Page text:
Linked by Thom Holwerda on Sat 3rd Aug 2013 20:34 UTC
Legal The Obama administration:

After extensive consultations with the agencies of the Trade Policy Staff Committee and the Trade Policy Review Group, as well as other interested agencies and persons, I have decided to disapprove the USITC's determination to issue an exclusion order and cease and desist order in this investigation.

Lots of talk about SEPs and FRAND in Obama's decree, which means that the Obama administration contradicts everything the ITC has said. To freshen your memory, the ITC ruled that not only was the patent in question not a standard essential patent, but Samsung's offer was actually proper FRAND:

Additionally, the Commission found that there were still disputed issues concerning the patent at issue was even actually essential to the standard (and therefore whether a FRAND or disclosure obligation applied at all).

[...]

The Commission analyzed the history of negotiations between Apple and Samsung (this portion is heavily redacted) to see if Apple showed that Samsung failed to negotiate “in good faith,” and found that Apple failed to do so. Notably, the Commission dismissed Apple’s arguments that (1) Samsung’s initial offer was so high as to show bad faith, and (2) Samsung’s attempts to get a cross-license to Apple’s non-SEPs violated its FRAND commitments.

In other words, the Obama administration threw out virtually everything the ITC has said in order to protect Apple. This effectively means that American companies can infringe on non-American companies' (standard essential) patents all they want, because the president will simply step in if they try to fight back.

So, I was wrong. I expected the Obama administration to be impartial and not give such a huge slap in the face of the ITC - as cynical as I usually am, I can still be naive. Protectionism is more important to the POTUS.

Thread beginning with comment 568811
To read all comments associated with this story, please click here.
This is plain bad
by CapEnt on Sat 3rd Aug 2013 22:03 UTC
CapEnt
Member since:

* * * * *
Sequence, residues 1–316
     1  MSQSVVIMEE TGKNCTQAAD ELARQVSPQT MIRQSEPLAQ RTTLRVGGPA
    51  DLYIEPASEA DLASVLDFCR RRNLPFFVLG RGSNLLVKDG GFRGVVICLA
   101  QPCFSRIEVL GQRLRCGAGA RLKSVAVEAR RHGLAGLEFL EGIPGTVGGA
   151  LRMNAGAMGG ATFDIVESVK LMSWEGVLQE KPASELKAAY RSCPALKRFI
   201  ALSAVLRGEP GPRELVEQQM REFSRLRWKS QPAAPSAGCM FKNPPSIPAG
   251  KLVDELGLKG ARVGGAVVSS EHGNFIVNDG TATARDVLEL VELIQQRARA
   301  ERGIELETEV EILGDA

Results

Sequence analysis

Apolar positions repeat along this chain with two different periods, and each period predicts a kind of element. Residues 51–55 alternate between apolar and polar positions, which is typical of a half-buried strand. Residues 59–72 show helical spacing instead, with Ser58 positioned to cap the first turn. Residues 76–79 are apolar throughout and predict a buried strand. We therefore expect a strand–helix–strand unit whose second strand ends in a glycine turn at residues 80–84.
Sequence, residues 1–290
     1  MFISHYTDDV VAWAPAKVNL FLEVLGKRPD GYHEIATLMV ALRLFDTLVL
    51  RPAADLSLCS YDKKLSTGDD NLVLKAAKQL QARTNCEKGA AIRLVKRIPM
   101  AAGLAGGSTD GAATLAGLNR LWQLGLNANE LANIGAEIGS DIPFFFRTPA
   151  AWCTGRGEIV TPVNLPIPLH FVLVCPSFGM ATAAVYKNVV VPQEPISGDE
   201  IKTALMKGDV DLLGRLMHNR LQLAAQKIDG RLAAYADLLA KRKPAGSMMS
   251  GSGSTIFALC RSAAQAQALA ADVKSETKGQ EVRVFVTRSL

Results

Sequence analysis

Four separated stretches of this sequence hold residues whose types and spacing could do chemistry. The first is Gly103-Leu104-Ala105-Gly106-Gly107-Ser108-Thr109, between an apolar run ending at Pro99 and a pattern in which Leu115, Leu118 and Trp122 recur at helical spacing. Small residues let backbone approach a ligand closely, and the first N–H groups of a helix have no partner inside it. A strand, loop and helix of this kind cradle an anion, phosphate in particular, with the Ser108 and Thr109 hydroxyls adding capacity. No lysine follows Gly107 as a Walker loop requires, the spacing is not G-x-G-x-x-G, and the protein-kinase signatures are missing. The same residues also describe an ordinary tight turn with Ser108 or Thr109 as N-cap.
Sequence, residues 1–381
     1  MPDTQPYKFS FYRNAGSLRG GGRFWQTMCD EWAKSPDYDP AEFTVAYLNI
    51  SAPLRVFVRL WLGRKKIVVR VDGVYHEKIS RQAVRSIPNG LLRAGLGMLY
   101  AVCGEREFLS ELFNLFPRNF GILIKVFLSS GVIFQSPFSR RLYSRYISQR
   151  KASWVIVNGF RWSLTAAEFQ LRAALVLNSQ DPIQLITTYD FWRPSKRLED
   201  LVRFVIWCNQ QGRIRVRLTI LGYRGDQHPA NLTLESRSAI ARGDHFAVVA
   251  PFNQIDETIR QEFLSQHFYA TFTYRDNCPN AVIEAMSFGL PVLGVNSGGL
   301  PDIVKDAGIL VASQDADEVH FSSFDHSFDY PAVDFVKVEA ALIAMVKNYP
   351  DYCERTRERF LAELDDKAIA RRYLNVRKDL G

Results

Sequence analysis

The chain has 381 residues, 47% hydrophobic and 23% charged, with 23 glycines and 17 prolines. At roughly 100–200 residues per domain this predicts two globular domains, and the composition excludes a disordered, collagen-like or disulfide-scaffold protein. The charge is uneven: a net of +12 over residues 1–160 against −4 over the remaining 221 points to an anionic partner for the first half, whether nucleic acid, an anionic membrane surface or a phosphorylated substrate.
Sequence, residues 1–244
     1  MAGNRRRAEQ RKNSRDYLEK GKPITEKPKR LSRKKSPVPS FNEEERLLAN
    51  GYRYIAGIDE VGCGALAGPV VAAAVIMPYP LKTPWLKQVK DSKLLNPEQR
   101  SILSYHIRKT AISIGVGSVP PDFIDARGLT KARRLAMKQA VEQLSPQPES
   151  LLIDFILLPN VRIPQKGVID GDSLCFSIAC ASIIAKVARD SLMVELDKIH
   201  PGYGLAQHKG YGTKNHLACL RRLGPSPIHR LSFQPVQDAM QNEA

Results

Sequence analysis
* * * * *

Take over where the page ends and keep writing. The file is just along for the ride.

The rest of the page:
2005-12-18

Now the battle will evolve from a Apple vs Samsung to a enormous battle at WTO between South Korean government (and other countries who sides with Samsung's interests) and USA regarding protectionism.

And, if WTO history tells something, is that USA very frequently gets the worse in their rulings. And the whole American tech industry will need to pay Apple's bill.

Reply Score: 10

No this is good
by jphamlore on Sat 3rd Aug 2013 22:23 in reply to "This is plain bad"
jphamlore Member since:
2011-02-15

On the other patent front, Apple's lawsuits against Samsung are going basically nowhere as far as extracting any cash from Samsung. What the US is doing is basically declaring the battle a draw and strongly hinting that both sides should settle, especially since they have already agreed to work together to pay for Samsung's state-of-the-art 14nm fabs according to the Korean press.

The only thing keeping this battle going is Apple would lose a tremendous amount of face if they would ever admit they're not getting one cent from Samsung in tribute. But if Cook had settled like he should have had when he first took over, that would have been forgotten by now instead of being a continuing festering wound.

Reply Parent Score: 2

US Protectionism and Isolation
by shotsman on Sun 4th Aug 2013 05:46 in reply to "This is plain bad"
shotsman Member since:
2005-07-22

This is nothing new. If you study the Economic and Political History of the 20th Century you will find several previous periods where the US has turned away from the world at large and looked inward into itself.

There is (IMHO) something in the US Psyche that makes them do the following (in simple terms)
- US Is No 1. Go USA
- Oh no, we aren't so we will take our ball and play with ourselves. No you Aliens are not welcome.

NIH is a term that is ideal for Americans. When I worked for a now defunct US Computer maker we had to make sure all the product documentation was in US English even if 1) The product was not for sale in the US 2) The British words were in Websters alongside the US Spelling.
Doh!

Trying to start to sell something in the USA is notoriously difficult and your path is strewn with Land Mines. If you think about Left Hand and Right Hand not knowing what each other is doing. In my experience this is 10 times worse in the US simply because of the different government departments are virtual fiefdoms and often their regulations are directly contradictory to each other.

Then there are the fun and games getting type approval for your product in EVERY state. What might work for CA won't work for OH and vice versa.

When I was in business and trying to do this, I often wondered it the world would be a better place if the US simple ceased to exist such were the endless frustrations. It is ok for large companies who can put enough manpower and importantly LAWYERS on the case but for small businesses, just forget it. In the end, my company just gave up with the US market. Selling into China was far easier.

Reply Parent Score: 5